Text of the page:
Public Domain

Under certain circumstances, works that would normally be copyrighted are not protected by copyright law.  When a work that would normally be protected is not protected by copyright law, that work is said to be in the Public Domain.  When a work is in the public domain, anyone is free to exercise any of the rights that a copyright holder would normally have.  For example, if a work is in the public domain anyone can copy, sell, or perform the work since no one owns the rights to it.  

The main reasons a work can be in the public domain are as follows:

  • It was published before 1923
  • It was published between 1923 and 1963 without a copyright notice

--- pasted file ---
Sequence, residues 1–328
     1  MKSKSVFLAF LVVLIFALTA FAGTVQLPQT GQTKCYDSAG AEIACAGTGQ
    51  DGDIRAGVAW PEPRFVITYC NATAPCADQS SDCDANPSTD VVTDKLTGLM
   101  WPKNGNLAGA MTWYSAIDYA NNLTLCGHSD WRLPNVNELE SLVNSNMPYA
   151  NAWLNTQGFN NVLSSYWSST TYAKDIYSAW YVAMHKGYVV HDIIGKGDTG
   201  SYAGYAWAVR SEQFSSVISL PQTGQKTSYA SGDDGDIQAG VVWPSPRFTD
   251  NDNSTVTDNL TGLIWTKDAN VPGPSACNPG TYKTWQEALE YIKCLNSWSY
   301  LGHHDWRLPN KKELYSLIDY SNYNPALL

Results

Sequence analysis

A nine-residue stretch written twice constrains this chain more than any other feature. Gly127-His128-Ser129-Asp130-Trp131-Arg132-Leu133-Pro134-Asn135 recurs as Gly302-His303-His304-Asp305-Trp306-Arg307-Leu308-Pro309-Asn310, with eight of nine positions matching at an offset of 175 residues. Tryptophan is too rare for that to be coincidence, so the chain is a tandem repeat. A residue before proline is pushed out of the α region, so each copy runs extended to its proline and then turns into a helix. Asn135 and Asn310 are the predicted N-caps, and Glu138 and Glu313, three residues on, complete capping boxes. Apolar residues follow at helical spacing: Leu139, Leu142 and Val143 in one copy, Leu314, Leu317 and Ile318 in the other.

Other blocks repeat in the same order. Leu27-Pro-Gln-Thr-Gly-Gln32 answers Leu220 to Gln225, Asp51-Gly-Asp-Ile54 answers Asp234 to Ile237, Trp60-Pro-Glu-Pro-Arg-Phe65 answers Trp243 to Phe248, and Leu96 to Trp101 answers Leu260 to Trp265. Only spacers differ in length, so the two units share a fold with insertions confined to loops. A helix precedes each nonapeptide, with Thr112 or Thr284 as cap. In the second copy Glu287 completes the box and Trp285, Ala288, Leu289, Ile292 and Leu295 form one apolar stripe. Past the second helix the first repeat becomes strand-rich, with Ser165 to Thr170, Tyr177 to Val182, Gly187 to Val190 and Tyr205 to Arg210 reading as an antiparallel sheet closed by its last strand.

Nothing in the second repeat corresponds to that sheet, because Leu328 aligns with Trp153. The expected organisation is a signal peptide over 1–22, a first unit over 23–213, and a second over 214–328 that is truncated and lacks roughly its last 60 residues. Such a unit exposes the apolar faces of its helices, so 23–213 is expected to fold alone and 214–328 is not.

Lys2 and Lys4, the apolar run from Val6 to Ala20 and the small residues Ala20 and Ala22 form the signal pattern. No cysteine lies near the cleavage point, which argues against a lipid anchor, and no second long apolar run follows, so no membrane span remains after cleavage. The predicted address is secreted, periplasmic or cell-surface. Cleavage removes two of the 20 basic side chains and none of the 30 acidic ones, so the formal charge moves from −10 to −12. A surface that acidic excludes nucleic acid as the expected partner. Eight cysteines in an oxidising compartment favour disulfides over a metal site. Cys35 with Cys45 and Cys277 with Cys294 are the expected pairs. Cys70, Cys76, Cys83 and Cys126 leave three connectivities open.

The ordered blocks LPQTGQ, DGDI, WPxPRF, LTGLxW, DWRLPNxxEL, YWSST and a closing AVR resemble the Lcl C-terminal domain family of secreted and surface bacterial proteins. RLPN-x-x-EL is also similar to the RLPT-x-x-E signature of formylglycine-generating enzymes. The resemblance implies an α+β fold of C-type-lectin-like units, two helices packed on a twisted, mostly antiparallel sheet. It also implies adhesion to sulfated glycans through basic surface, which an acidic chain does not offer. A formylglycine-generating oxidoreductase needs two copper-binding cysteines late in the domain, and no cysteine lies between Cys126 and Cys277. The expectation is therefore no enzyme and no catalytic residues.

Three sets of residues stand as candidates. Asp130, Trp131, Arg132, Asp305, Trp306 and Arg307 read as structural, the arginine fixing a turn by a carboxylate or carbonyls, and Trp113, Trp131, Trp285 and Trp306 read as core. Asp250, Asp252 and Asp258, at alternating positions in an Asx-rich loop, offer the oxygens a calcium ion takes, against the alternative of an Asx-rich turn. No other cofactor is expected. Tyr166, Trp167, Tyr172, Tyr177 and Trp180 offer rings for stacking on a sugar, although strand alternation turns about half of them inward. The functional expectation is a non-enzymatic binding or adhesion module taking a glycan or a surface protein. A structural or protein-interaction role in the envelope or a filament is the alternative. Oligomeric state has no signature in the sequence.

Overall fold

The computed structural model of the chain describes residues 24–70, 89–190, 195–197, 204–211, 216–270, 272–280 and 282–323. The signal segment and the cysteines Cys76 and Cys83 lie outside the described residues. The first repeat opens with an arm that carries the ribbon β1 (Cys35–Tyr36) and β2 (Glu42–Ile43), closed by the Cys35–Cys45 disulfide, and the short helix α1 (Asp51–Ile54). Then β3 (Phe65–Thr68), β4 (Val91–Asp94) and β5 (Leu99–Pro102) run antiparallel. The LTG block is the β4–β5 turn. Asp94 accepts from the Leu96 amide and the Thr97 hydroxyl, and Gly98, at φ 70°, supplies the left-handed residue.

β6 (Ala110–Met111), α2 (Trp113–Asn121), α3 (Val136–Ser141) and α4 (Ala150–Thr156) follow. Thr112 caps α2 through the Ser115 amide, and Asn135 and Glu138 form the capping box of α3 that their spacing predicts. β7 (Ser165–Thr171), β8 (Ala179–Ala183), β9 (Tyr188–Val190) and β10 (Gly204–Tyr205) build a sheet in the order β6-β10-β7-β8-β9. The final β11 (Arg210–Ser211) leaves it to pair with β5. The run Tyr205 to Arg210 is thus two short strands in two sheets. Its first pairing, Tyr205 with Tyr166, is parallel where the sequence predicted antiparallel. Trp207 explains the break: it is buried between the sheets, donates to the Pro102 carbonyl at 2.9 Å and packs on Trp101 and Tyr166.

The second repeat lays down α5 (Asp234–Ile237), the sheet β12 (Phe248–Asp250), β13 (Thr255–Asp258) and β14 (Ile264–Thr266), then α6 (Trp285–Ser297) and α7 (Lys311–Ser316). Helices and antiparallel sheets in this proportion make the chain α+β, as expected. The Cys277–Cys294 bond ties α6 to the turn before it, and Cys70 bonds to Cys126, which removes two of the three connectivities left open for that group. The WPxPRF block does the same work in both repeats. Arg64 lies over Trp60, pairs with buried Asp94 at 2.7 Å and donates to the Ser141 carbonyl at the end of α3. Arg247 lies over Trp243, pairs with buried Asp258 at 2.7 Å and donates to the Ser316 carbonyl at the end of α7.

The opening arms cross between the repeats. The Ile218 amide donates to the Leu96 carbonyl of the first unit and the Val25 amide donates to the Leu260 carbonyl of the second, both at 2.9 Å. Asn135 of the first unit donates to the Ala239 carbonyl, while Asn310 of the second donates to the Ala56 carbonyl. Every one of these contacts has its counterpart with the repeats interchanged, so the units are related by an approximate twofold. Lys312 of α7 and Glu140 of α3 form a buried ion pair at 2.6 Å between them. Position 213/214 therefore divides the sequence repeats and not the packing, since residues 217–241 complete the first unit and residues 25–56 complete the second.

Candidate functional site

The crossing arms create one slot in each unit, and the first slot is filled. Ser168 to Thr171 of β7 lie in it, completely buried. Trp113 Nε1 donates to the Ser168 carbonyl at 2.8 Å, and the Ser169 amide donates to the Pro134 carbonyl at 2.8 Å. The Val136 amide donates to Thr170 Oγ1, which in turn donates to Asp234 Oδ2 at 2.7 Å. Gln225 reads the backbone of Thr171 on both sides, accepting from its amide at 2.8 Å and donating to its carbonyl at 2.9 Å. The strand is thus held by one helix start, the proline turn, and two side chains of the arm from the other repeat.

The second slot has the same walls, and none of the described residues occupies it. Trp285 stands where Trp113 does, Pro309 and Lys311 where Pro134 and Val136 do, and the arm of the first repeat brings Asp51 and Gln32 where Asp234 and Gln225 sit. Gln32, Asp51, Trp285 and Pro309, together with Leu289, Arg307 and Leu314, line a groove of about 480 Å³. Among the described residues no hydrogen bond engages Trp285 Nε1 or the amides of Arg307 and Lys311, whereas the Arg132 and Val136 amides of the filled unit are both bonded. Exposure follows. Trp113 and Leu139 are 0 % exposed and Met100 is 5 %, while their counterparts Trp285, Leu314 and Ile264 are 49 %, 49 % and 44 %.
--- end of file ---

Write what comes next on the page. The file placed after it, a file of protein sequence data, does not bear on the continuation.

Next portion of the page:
• It was published between 1923 and 1963 with a copyright notice, but the copyright was not renewed
  • The author placed it in the public domain
  • Copyright has expired on that particular work
  • It was created by the U.S. government (including speeches by government officials in the line of their duties, official government web pages, and acts of Congress)

As with all questions of copyright, be sure to do your research into the work you want to use to be sure of its copyright status.  These are general guidelines and each work is a unique case as to whether it is in the public domain or not. 


Public Domain


Copyright Term and the Public Domain in the United States: Details on how long copyright protection lasts on different types of works.